The House of Commons agriculture committee heard some unusually blunt criticism of Conservative agriculture policy last week, and it made some Conservative MPs downright cranky.
The witnesses, invited by the committee as “individuals,” included University of Saskatchewan agricultural economics professor Ken Rosaasen, former National Farmers Union president Stewart Wells and current Manitoba NFU director Ian Robson from Brandon.
Rosaasen argued that last year’s federal-provincial cuts to the farm support AgriStability program, slated to take effect April 1, mean farmers will have “minimal support” when the next income downturn happens.
He said farmers will be “the weak link” in the grain value chain.
Wells and Robson criticized Conservative policies that ended the CWB single desk and the effect that has had on farmer income, stability and farmer power.
Among many criticisms, they argued more federal commitment to public research is needed and Conservative policies have eroded farmer power in favour of corporate interests.
At one point, when Liberal MP Frank Valeriote asked if last year’s higher prices were not a boon for farmers, Wells said high commodity prices are a “mixed blessing” for farmers because input prices also rise and stay high when commodity prices decrease.
Some Conservative MPs on the committee pounced. High prices are good for farmers and the end of the CWB monopoly has given farmers more cash up front and more options, they argued.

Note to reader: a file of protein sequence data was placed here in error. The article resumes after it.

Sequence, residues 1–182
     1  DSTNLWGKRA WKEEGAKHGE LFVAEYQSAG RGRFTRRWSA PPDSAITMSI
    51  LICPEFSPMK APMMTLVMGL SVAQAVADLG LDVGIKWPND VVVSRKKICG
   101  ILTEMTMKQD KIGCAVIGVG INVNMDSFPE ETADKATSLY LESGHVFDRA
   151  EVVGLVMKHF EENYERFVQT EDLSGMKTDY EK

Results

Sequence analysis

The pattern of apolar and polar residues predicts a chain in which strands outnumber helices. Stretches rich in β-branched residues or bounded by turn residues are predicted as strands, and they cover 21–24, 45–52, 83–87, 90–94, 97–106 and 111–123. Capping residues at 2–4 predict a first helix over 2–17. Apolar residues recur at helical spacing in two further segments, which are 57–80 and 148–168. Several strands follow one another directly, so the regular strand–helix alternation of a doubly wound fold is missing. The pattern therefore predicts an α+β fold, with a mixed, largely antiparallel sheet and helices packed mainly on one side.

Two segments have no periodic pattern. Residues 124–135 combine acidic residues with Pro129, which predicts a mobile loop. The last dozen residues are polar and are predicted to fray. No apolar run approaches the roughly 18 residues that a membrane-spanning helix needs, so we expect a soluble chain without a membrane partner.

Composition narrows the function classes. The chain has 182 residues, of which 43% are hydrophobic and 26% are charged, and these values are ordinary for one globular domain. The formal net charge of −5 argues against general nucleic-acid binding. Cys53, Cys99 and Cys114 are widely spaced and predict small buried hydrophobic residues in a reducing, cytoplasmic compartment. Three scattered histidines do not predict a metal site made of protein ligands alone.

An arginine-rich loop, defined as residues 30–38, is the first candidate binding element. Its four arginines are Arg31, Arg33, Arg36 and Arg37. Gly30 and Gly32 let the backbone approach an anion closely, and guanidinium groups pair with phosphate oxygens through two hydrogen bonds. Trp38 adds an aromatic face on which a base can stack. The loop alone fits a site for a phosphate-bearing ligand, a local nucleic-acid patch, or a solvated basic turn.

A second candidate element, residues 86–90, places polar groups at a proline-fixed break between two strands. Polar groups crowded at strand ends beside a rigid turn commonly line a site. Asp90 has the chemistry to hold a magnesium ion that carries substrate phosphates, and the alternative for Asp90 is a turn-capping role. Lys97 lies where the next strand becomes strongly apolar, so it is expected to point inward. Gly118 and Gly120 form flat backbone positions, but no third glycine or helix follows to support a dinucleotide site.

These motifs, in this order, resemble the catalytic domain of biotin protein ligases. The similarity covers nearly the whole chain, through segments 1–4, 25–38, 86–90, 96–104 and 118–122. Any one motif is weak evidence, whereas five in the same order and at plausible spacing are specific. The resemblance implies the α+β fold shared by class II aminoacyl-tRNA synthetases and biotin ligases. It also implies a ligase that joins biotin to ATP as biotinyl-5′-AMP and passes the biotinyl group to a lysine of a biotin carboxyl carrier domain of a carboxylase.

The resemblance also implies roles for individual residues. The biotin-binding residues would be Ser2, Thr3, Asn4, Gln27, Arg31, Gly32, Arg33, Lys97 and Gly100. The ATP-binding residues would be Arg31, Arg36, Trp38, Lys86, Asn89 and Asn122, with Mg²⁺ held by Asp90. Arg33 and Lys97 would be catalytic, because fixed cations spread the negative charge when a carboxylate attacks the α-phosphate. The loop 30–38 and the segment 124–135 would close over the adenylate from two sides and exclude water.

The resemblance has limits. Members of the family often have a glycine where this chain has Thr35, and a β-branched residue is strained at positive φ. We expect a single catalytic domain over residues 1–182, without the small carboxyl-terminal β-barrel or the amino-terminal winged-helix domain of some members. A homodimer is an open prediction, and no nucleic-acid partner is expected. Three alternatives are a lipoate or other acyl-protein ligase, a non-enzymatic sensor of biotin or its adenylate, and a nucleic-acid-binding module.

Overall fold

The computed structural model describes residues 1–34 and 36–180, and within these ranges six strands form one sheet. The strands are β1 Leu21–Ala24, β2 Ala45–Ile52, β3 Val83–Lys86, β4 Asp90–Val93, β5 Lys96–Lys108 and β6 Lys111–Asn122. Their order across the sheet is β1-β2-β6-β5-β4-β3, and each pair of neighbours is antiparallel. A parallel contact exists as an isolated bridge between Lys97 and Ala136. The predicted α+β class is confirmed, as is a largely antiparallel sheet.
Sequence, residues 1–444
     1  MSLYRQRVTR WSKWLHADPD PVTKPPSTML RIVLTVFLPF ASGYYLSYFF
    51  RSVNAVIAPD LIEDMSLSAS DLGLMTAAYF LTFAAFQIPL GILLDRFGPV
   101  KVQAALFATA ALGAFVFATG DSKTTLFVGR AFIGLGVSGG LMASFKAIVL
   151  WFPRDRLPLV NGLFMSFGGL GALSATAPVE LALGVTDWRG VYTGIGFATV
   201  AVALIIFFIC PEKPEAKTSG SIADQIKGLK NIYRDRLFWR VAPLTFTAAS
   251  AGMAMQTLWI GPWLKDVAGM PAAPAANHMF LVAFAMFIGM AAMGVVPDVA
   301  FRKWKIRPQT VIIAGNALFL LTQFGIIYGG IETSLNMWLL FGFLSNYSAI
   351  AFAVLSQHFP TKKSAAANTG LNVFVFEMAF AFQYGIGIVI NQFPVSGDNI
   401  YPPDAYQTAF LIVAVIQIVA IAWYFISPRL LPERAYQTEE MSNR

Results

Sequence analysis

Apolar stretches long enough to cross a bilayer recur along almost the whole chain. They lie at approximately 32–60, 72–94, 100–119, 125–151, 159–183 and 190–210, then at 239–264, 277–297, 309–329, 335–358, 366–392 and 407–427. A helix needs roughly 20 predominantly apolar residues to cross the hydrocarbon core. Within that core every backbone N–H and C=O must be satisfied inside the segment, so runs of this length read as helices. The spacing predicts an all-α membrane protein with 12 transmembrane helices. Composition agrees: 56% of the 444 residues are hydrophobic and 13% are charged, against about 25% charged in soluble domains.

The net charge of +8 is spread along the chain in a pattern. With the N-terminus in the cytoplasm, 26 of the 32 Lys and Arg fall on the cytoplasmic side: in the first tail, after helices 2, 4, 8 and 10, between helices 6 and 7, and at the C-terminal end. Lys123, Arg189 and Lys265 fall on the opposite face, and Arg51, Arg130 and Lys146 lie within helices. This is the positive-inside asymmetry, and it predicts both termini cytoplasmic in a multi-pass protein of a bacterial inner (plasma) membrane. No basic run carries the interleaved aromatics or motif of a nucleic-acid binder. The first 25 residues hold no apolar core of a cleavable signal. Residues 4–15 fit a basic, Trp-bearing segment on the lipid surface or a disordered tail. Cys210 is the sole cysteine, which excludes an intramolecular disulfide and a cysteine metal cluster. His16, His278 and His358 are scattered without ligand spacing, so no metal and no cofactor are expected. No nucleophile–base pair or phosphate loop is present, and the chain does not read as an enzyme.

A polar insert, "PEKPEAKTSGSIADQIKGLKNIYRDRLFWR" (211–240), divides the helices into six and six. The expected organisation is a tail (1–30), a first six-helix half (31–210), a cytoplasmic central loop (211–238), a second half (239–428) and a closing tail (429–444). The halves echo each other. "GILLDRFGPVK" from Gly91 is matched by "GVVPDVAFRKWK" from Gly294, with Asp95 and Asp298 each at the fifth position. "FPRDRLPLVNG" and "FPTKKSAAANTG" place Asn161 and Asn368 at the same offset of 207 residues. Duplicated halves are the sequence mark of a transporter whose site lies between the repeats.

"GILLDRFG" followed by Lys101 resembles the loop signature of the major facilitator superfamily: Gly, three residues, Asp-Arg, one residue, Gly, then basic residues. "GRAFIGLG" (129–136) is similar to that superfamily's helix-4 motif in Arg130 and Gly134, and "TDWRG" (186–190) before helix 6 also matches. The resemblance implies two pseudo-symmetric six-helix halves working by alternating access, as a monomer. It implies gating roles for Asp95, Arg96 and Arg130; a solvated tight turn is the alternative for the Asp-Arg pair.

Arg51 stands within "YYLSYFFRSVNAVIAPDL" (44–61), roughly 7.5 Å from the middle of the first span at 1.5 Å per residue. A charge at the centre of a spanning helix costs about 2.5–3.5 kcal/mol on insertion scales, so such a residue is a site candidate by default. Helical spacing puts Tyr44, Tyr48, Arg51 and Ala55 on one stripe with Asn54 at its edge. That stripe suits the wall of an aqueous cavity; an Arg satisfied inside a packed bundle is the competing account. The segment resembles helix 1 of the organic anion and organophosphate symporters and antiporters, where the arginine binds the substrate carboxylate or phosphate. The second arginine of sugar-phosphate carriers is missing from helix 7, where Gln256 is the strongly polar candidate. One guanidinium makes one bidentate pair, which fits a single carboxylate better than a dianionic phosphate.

Some Conservatives used most of their allotted time asking hostile questions or making statements that attacked witness testimony without leaving time for a response.
Alberta MP Blake Richards made a point of confirming that Wells is a former NFU president and chair of the Friends of the Wheat Board and that Robson is an NFU director who was quoted as calling the CWB bill “jackboot legislation.”
Ontario Conservative Pierre Lem-ieux, parliamentary secretary to agriculture minister Gerry Ritz, complained that since both Wells and Robson were affiliated with anti-Conservative farm groups, they should be identified by their affiliation and not as “individuals.”
Alberta MP Brian Storseth argued that “individuals” should be non-aligned and not mouthpieces for activist groups with a political agenda. He said the NDP was trying to stack witnesses against the government.
Wells accused Conservatives of trying to smear witnesses.
Committee chair Merv Tweed from Brandon said the two prairie farmers had been invited as individuals rather than representatives of organizations.
One of the few moments of levity in a generally tense meeting came when Storseth said that while Wells and Robson claimed to represent the majority of prairie farmers who supported the CWB single desk, Conservative MPs represent most rural prairie ridings.
“Could you explain this to me?”
Robson drew laughs, at least from the opposition side, when he quickly shot back: “I’m just as puzzled as you are.”